Yeah, right—get a grip, Woods, he thought. A bag of ashes in a brass urn and an obituary in the Westbury News-Press was the best he could expect.
But he wasn’t a bag of ashes. He was still a very live bag of living, breathing bone and protoplasm. He took in another deep breath and let it out slowly, enjoying the sensation of air going in . . . and then out. He thought about how billions of humans around the globe were doing the exact same thing. Air going in . . . and then out . . . and then in . . . and then out. He wondered how many of those people had read about him or seen the news clips. Thousands? Hundreds of thousands? Millions? How many times had the story been posted and shared and tweeted and retweeted? That was one of the weirdest parts of the whole thing—his story going global—now a permanent part of his electronic legacy. Wherever he went from now on it would be, “Oh yeah, I remember that story. That was you!?” It was already weird enough just around town. Even strangers would walk up to him. “Hey, Will, how are you doing? Did it hurt, getting shot?” Did it hurt. What do you think? Of course it frigging hurt! Here, let me demonstrate (pulls out a gun, shoots the questioner in the shoulder). There! How are you doing? Did that hurt?
The funny thing was that some people acted almost jealous. He remembered being jealous of kids in casts who had broken an arm or leg. Why was that? Who would ever be jealous of someone going through so much pain? It was weird. He figured it was all the attention. People are so kind to you and generous, even the annoying strangers. And in the beginning, all that attention felt really great, but after about a week, it started to get a little tiring, and then it got really annoying, and now he’d reached the point where he just wanted to lock the door and tell them all to kindly fuck off. He had never really appreciated being a nobody before, but now he did. Now there was no more anonymity. Everyone knows you. People who had never given you the time of day before suddenly start acting like they’re your best friend.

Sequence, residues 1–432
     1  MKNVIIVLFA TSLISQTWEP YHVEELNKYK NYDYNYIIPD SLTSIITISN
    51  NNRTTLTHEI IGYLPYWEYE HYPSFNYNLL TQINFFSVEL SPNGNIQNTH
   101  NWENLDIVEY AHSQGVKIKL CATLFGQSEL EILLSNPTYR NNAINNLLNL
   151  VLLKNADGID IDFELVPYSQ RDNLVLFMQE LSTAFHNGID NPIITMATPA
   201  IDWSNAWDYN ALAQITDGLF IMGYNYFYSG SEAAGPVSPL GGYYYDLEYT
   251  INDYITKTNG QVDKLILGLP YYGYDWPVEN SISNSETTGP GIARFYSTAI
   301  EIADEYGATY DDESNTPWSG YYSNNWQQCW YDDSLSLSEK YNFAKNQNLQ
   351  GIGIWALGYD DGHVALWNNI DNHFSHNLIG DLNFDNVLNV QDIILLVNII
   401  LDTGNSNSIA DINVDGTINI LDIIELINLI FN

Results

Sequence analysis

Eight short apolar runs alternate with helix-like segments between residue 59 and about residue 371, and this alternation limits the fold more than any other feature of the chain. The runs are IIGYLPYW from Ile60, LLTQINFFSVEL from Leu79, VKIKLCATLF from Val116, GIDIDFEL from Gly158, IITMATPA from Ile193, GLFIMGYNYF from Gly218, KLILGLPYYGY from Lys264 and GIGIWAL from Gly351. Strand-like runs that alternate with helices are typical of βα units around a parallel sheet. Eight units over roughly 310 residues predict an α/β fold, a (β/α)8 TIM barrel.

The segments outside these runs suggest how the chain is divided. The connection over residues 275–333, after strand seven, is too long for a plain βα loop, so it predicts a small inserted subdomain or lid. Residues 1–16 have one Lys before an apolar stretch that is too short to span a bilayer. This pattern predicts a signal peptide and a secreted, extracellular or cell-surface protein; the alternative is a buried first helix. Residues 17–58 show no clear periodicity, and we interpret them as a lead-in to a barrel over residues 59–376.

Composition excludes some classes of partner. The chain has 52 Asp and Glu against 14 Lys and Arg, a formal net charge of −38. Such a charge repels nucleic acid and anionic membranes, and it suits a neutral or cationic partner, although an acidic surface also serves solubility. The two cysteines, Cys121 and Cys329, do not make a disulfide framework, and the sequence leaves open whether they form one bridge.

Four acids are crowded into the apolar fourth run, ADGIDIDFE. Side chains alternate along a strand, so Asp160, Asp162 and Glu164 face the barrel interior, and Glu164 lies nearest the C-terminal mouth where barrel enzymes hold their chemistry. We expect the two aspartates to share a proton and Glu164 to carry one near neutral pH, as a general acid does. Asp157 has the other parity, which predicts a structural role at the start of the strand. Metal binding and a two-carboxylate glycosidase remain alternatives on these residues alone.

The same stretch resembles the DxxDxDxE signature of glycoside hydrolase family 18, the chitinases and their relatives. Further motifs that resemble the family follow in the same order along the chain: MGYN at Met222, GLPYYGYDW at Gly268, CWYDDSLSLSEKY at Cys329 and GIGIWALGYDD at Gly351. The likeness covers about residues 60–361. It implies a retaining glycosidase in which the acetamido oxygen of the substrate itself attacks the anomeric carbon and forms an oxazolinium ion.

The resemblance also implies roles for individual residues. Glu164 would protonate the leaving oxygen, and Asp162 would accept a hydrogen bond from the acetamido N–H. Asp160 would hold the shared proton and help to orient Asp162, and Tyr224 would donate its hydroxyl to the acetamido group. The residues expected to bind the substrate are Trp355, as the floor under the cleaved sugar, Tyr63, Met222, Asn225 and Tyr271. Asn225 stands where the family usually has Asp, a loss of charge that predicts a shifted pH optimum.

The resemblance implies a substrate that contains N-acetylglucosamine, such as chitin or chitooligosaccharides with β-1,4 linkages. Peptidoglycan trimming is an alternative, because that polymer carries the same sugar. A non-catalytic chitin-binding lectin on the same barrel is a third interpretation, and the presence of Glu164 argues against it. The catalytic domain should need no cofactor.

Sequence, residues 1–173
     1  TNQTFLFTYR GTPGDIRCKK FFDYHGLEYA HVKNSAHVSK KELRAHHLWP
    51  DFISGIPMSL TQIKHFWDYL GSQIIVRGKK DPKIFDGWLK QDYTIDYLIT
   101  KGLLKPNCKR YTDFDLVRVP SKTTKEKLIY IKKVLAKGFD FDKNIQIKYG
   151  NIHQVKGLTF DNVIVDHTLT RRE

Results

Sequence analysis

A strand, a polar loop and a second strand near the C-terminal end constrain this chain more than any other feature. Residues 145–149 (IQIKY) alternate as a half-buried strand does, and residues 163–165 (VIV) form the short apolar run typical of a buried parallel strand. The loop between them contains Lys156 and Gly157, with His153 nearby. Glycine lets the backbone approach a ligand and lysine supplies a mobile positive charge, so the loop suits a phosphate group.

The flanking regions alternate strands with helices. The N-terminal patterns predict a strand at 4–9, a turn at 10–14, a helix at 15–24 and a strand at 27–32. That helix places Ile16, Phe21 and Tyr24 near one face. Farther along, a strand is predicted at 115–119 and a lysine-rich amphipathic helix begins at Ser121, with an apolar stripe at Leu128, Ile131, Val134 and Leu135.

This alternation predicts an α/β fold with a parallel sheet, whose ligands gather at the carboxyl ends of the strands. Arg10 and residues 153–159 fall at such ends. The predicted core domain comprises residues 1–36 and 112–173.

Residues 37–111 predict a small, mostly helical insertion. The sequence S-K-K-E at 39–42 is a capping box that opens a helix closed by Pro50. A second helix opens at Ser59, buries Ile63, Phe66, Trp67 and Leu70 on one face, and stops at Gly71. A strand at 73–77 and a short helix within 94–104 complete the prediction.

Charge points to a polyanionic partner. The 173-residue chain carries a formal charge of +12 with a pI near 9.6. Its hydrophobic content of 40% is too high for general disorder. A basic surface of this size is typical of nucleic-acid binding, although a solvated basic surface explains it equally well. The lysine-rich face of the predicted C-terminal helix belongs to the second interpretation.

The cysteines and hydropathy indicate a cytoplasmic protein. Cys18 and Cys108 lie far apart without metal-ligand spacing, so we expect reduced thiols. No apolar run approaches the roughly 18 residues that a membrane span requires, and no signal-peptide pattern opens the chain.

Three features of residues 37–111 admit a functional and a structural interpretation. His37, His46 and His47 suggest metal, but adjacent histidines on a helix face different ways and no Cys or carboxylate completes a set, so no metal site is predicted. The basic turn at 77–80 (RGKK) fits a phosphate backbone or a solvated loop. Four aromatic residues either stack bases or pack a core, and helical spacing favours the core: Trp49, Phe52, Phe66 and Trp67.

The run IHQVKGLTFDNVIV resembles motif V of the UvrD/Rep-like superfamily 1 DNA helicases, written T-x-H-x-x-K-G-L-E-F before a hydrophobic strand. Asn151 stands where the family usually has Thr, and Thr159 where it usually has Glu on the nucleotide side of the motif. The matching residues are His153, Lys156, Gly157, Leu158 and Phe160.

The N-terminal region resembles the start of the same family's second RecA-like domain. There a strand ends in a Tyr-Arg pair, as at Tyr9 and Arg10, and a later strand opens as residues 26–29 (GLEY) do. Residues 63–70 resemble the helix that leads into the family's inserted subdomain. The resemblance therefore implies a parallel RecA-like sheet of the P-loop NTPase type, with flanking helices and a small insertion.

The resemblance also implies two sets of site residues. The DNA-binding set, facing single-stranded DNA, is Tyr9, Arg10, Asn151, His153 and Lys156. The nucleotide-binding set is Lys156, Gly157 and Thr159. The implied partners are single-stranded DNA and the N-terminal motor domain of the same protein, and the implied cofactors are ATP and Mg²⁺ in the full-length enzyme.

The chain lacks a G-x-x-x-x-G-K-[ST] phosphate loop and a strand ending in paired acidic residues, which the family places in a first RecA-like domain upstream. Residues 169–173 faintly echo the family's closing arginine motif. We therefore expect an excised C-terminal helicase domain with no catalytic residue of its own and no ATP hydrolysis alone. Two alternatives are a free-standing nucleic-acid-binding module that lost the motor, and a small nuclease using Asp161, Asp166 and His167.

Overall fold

And then there was this whole “hero” thing. They kept calling him a hero. Somehow being shot made him the hero. How did they figure that? Blue was the real hero. She’d been the one with the courage to go after the drug dealer (and single-handed at that, thanks to Will’s cowardice). It was because of her that their town was now rid of that psychopath. And she was the one who’d suffered the most, enduring twenty-four hours of captivity, beaten, bound, gagged, isolated, and alone, sure she was going to die. And now, instead of her being the hero, people were treating her like she was the victim—damaged goods. Even worse were the idiots on Facebook that were pushing complete lies; that she was an addict, that she was the dealer’s lover, that it wasn’t an abduction it was part of some S&M thing. What the hell was wrong with those people? He’d blasted them back but instead of listening to the truth, these morons wove him into their whole alternate narrative. They were so wrapped up in their own non-reality that it was impossible to talk any sense into them. He had finally given up and just thanked God that Blue didn’t do FB and didn’t see all this crap. Nobody needed to see that, especially her. Jesus, after what she’d been through she needed everyone’s support instead of being beaten-up even more. And the way she had been acting lately, it seemed like she could use a lot of support. He thought a therapist like his mom could help, if only Blue didn’t have a pathological hatred of therapists or anyone with a “Dr." in front of their name. In fact, Will wasn’t sure there was anyone she trusted enough to let them inside her head. On the other hand, she had reached out to him at the homecoming party.